Ramadan: I have seen the enemy and it’s me

Shariffa Carlo Al Andalusia

I just read a meme that said, “The scariest thing about Ramadan is that you find out that it’s you and not the jinn.” As a Muslim, this was both funny and actually scary. Why? Basically, Muslims believe that at the beginning of Ramadan, the Gates of Heaven are opened and the Jinn are chained.

We know this because The Prophet Muhammad (PBUH) said, “When the first night of Ramadan comes, the devils and the rebellious jinn are chained, the gates of Hell are locked and not one of them is opened; the gates of Paradise are opened and not one of them is locked; and a crier calls, ‘You who desire what is good, come forward, and you who desire evil, refrain.’ Some are freed from Hell by Allah, and that happens every night.” (Tirmidhi).

What does that mean? To clarify, I will give y’all a bit of background. Islam teaches that Allah Created three distinct life forms: Angels, Jinn and Humankind. Angels were Created as beings with no free will, who obey Allah without questioning. They were Created from light. Jinn and humans were given free will, allowing them the freedom to obey or disobey Allah. Jinns, were Created from smokeless fire and humans were created from clay.

Muslims believe that Satan was a jinn, not an angel, and that is why he was able to confront and disobey Allah. In the Quran, it states that Satan was Commanded to prostrate before Adam (the first man). Satan refused. He threatened humankind with misguidance. In essence, he said he would come to them from before them and behind them, from their right and from their left. His goal became leading the sons of Adam astray. (Quran: 7:16-17)
Now, how does all of this relate to Ramadan? Since the jinn (Satan and his followers from his offspring) are chained, therefore unable to tempt humans during the month of Ramadan, it means that whatever evil a person commits in this month is from his/her own choosing. Temptation is gone. That is one of the reasons that Muslims find it not just easy but pleasurable to fast all day and pray all night. It’s also one of the reasons that the same actions are so hard the rest of the year.

Ramadan is a beautiful Blessing because we are freed from the constant whisperings of Satan that tempt and cajole us into being less than stellar Muslims. When we live in a Muslim country, we can see some of the obvious changes in the people around us. People who don’t pray the rest of the year, start to pray. People who are rebellious become a bit tamer. People who are downright evil, become nice, friendly and even charitable.

But… There are those who don’t change at all. There are those who become more impatient, more irritable, meaner, or nastier. How do we account for them? How do we explain their behavior? The answer is simple. Whatever comes out from people during Ramadan is basically them. It is from their own imperfections without the aid of temptation from Satan.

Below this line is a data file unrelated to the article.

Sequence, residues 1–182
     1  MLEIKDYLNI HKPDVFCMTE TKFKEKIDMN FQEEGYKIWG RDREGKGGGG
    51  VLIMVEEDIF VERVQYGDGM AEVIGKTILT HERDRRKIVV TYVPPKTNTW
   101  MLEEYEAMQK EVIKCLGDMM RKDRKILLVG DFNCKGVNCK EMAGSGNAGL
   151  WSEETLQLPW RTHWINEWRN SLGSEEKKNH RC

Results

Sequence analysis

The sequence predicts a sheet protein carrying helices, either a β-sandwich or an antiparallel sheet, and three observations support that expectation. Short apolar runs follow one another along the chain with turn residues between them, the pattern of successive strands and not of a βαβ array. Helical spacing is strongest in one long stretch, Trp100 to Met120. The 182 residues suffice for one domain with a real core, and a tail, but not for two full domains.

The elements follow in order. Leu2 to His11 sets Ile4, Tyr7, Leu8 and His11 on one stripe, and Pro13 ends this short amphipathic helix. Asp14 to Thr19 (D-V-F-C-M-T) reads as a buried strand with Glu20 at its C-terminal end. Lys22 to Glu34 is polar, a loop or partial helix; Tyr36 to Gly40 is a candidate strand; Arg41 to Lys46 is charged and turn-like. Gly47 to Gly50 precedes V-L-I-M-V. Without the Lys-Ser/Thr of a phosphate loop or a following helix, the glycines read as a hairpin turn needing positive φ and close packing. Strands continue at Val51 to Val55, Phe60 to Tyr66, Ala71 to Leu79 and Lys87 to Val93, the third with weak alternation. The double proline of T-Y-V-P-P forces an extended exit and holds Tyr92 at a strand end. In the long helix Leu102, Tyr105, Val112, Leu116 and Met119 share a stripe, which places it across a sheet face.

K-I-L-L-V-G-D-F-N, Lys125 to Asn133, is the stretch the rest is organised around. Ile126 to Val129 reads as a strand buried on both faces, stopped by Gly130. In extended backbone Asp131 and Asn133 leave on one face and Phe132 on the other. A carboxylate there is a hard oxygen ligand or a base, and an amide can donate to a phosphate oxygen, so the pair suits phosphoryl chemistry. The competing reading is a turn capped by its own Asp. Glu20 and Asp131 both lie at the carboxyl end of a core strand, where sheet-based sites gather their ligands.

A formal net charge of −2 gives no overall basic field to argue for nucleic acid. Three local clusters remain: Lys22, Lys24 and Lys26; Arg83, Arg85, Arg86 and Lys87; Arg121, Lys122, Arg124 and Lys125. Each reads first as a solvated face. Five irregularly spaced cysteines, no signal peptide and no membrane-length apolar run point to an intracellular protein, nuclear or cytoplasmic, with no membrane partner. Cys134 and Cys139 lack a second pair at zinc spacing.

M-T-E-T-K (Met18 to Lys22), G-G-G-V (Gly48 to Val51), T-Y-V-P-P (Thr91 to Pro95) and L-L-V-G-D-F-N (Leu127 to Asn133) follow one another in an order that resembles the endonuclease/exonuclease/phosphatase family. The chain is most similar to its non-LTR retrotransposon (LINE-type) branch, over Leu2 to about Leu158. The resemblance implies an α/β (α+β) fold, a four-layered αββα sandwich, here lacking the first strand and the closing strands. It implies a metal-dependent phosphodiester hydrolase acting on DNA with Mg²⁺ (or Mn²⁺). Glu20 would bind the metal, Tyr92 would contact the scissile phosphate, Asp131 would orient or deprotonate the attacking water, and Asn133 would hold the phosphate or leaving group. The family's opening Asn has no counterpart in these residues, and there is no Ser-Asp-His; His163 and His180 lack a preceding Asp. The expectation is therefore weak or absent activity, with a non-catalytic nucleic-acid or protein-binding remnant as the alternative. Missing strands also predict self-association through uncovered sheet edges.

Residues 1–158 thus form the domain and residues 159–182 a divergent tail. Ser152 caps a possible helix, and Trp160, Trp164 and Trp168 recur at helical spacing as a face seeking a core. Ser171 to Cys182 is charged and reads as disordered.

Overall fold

Now you can see why that meme is so scary! During the year, we fool ourselves into the false idea that we disobey Allah due to temptation. During the year, we lull ourselves into the illusion that were it not for temptation, we would be better, but Ramadan rolls around, and we see the stark reality. We basically recognize, to rephrase an old saying, “I have seen the enemy, and it is me.” Now, don’t get me wrong. Islam does not teach Muslims that we are perfect, near perfect or that we can even come close to perfection. We believe that Allah is The Only Perfect One.

We are taught that we are not only imperfect, but imperfection is expected from us, and to counteract this imperfection, we repent and increase our good deeds. This is another reason Ramadan is so special. During Ramadan, it is easier to recognize our own personal (non-temptation-based) faults and it is easier to work on them by doing as many good deeds as we can manage, begging for forgiveness with every prayer, giving charity, helping people… The list is endless.

Add to this that all good deeds are multiplied countless times, and it is clearly a huge opportunity. This is one of the greatest beauties of Ramadan and it is a massive motivation and justification for all the positive attributes we see emerge in people during the month. Ramadan is a month of Good Tidings to Muslims. It is a month of renewal, hope and a chance to start over.
So, to my fellow Muslims, I say, ‘Instead of getting scared when we see which of our sins are purely from us, we should thank our Lord that He has exposed them to us and given us yet another chance to repent and return.’ For everyone spending Ramadan in Kuwait, Muslim or not, I wish y’all a Beautiful and Blessed Ramadan and I pray that the Beneficence of Ramadan fall upon us all.

Courtesy of the TIES Center: the TIES Center aims at empower Kuwait’s expats through social and educational services that promote a positive and productive role in society, and to facilitate opportunities for intra- and interfaith interactions that promote social solidarity. For more information, please call 25231015/6 or e-mail: [email protected].

By Shariffa Carlo Al Andalusia

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